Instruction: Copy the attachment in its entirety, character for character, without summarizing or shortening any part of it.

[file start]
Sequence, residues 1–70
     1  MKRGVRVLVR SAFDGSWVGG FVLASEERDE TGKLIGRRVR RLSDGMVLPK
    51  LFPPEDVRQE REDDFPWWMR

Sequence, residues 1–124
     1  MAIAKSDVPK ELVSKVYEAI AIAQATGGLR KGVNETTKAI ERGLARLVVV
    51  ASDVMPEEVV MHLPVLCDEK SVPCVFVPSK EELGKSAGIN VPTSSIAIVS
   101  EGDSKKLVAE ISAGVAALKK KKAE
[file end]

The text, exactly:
Sequence, residues 1–70
     1  MKRGVRVLVR SAFDGSWVGG FVLASEERDE TGKLIGRRVR RLSDGMVLPK
    51  LFPPEDVRQE REDDFPWWMR

Sequence, residues 1–124
     1  MAIAKSDVPK ELVSKVYEAI AIAQATGGLR KGVNETTKAI ERGLARLVVV
    51  ASDVMPEEVV MHLPVLCDEK SVPCVFVPSK EELGKSAGIN VPTSSIAIVS
   101  EGDSKKLVAE ISAGVAALKK KKAE